The Yankees' injuries are getting worrisome

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They’re playing great baseball and everything, but the Yankees have to be worried about their health at some point, no?  Three of the core four, as all the cool kids are calling them, have gone down: Mariano Rivera, Jorge Posada and now Andy Pettitte, all sidelined with injuries. Now those cool kids are calling them the “sore four.”  Wait, that’s not cool. That’s kind of lame.

But the point is taken: three-fourths of the crew that are currently gracing the cover of Sports Illustrated for their unprecedented resilience are ailing. They’re getting Rivera and maybe even Posada back in time for the Red
Sox series this weekend. Pettitte is more of a concern given that, as
Buster Olney wrote this morning
, “inflammation” is not really a
diagnosis. It’s a symptom, and it can mean any number of things, some of
which could be serious.

In light of all of this, the question has to be asked: isn’t it funny how all the “core four” fans like to pretend that Andy Pettitte never played for Houston?

Wait, that’s not the right question. The right question is: can the Yankees deal with these injuries and still keep up with a Rays team that seems to be unstoppable?

So far so good, as Francisco Cervelli has filled in nicely for Posada and Joba Chamberlain could close for a lot of teams. Likewise, Brett Gardner, Nick Swisher, Robbie Cano and Derek Jeter are all playing great baseball.  It’s a team with so many weapons that one or two can go down and things can be OK. But it’s certainly not ideal. Especially Pettitte’s injury, because there isn’t some easy answer for the rotation if he’s down for long.

Winning a championship is not simply a matter of writing checks. You need luck and above all else you need health.  The Yankees have had those two things in abundance for the past 15 years.  If it doesn’t hold up they can forget repeating.

Brett Lawrie will take a pay cut to avoid arbitration with White Sox

MIAMI, FL - AUGUST 12: Brett Lawrie #15 of the Chicago White Sox fields a ground ball during batting practice before the start of the game against the Miami Marlins at Marlins Park on August 12, 2016 in Miami, Florida. (Photo by Eric Espada/Getty Images)
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Infielder Brett Lawrie successfully avoided arbitration and signed a one-year contract with the White Sox on Friday, per a team announcement. FanRag Sports’ Jon Heyman added that the deal was for $3.5 million, significantly lower than the $4.125 million Lawrie was paid by the White Sox in 2016.

The White Sox acquired Lawrie last December in a swap for minor league arms Zack Erwin and J.B. Wendelken. After splitting time at second and third base for the Athletics in 2015, Lawrie slotted in at second base and DH for the White Sox and batted .248/.310/.413 with 12 home runs in 384 PA. While it’s strange to see a healthy, fairly productive player receive a salary reduction in arbitration, Lawrie missed nearly half of the season with a strain in his left hamstring, though he’s projected to return at full health by the start of the 2017 season.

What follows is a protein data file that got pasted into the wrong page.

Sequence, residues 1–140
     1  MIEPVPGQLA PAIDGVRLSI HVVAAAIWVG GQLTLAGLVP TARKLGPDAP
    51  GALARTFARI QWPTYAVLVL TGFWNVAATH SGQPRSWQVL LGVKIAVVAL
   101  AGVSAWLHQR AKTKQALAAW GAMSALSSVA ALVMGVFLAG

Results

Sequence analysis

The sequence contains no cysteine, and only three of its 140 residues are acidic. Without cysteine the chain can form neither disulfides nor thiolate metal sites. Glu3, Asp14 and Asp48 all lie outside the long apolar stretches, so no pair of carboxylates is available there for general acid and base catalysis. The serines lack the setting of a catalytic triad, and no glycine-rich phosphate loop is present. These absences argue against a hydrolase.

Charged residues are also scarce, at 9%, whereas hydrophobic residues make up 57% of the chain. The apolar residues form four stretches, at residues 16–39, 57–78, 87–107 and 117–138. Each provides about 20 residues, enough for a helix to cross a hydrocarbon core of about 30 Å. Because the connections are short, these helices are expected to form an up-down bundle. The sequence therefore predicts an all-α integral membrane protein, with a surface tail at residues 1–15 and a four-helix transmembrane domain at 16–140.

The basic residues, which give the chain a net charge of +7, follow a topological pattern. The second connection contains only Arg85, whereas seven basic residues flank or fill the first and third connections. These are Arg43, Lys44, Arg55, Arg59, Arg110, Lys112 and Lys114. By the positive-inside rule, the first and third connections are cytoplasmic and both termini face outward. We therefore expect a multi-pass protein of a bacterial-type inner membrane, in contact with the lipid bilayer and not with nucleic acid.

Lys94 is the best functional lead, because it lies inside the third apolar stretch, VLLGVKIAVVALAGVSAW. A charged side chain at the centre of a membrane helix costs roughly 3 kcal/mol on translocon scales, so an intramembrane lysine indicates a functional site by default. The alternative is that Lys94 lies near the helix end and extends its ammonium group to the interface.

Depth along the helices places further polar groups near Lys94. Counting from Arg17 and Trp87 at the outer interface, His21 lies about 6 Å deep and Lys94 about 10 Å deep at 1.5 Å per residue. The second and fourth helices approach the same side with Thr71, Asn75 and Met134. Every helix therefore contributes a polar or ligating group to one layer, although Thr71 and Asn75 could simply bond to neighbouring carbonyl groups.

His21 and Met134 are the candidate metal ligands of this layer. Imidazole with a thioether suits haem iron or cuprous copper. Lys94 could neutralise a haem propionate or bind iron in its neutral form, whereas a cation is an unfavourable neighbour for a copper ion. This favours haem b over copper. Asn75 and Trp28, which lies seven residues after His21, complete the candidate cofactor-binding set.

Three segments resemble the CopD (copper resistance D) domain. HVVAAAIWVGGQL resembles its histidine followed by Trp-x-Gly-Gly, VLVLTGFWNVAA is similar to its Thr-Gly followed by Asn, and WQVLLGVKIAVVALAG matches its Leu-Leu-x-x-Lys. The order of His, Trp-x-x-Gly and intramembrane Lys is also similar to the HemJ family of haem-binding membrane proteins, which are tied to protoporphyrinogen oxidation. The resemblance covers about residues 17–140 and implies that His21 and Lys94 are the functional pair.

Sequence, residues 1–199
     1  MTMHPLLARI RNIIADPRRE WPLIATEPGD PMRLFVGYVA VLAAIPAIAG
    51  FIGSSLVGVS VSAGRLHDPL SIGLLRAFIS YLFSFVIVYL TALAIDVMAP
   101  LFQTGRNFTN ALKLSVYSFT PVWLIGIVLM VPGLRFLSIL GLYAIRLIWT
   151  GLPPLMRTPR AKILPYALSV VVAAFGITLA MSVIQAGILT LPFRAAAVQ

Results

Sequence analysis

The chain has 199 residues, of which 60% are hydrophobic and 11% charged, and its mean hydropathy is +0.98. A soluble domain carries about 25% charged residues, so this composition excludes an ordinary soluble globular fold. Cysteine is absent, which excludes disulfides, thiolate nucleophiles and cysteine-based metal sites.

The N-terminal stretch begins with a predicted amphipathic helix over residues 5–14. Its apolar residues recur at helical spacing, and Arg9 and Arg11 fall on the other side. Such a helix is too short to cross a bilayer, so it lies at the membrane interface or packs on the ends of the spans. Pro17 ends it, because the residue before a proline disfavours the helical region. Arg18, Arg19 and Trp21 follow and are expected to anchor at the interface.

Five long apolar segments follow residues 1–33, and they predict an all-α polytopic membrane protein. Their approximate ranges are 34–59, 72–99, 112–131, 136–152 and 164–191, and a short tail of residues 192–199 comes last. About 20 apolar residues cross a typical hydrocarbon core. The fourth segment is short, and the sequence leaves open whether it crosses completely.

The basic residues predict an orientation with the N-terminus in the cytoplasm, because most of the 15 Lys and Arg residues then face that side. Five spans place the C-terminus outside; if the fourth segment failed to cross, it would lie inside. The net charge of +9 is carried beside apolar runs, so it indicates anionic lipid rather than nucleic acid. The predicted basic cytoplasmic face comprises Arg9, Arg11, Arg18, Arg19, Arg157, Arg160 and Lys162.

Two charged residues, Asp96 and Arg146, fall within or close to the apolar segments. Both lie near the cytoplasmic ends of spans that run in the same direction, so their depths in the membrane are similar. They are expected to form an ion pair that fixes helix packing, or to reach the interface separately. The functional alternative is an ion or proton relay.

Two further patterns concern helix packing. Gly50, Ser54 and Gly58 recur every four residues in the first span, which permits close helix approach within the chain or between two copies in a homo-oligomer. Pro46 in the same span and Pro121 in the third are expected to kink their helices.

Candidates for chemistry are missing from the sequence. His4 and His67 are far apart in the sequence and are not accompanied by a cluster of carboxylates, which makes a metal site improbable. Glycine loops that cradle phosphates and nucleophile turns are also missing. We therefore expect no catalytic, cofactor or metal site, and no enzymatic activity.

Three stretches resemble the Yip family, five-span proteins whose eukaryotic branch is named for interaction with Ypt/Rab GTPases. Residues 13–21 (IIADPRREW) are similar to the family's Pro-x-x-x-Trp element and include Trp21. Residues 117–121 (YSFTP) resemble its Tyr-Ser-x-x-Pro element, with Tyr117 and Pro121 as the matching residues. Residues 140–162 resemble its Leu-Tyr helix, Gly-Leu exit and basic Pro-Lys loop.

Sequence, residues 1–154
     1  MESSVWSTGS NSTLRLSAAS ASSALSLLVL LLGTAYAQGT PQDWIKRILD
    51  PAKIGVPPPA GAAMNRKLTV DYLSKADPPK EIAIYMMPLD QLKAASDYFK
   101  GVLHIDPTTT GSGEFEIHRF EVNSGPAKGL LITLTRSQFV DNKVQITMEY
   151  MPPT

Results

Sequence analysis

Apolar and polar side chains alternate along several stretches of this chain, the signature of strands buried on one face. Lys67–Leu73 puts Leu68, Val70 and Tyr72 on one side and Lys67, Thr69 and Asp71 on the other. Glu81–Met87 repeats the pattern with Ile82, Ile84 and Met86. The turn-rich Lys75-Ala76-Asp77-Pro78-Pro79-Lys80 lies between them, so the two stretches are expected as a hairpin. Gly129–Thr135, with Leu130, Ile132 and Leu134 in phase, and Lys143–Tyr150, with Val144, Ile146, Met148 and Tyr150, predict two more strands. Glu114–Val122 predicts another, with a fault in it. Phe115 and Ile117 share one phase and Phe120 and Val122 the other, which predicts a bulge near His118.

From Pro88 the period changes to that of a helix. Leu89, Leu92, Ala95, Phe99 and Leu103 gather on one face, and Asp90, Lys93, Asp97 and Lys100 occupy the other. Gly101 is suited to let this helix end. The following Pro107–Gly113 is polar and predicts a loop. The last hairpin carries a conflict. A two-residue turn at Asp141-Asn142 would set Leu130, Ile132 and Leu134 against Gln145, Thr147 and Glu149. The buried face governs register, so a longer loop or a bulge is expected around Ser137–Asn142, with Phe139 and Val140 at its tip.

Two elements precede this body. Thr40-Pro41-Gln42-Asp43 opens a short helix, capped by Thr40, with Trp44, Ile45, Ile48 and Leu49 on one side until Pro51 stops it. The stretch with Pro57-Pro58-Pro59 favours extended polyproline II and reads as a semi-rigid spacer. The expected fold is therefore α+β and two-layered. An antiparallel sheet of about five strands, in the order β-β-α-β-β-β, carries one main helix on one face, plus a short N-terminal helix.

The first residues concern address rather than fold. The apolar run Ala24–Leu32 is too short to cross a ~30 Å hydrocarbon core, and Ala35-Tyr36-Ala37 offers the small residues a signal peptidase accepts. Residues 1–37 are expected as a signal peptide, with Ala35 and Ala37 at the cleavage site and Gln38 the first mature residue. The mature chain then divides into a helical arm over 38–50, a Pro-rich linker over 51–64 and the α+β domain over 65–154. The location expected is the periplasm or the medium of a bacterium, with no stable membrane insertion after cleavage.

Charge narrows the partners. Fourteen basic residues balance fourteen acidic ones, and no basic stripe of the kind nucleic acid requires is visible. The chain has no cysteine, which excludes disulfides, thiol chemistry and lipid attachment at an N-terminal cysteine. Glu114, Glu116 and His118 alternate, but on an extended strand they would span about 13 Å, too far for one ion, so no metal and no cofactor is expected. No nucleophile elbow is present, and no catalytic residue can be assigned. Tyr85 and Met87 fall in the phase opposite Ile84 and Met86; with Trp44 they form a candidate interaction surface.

Cubs sign LHP Brian Duensing to a one-year, $2 million deal

TORONTO, ON - OCTOBER 04:  Brian Duensing #50 of the Baltimore Orioles throws a pitch in the eleventh inning against the Toronto Blue Jays during the American League Wild Card game at Rogers Centre on October 4, 2016 in Toronto, Canada.  (Photo by Tom Szczerbowski/Getty Images)
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Left-hander Brian Duensing signed a one-year, $2 million contract with the Cubs on Friday, per a report from FanRag Sports’ Jon Heyman.

The free agent spent the bulk of his 2016 season with the Orioles after receiving a call-up from Triple-A Norfolk in early June. He underwent elbow surgery several weeks later when a freak bullpen injury revealed cartilage chips and inflammation in his pitching elbow, but recovered to finish the season with a 4.05 ERA and 10 strikeouts in 13 1/3 innings for the club. The Orioles utilized him for a final out during the AL Wild Card game, during which Duensing recorded a five-pitch strikeout in the ninth inning of their 5-2 loss to the Blue Jays.

The 33-year-old is currently expected to bulk up the Cubs’ left-handed relief corps, with fellow left-hander Mike Montgomery slated for the rotation in 2017.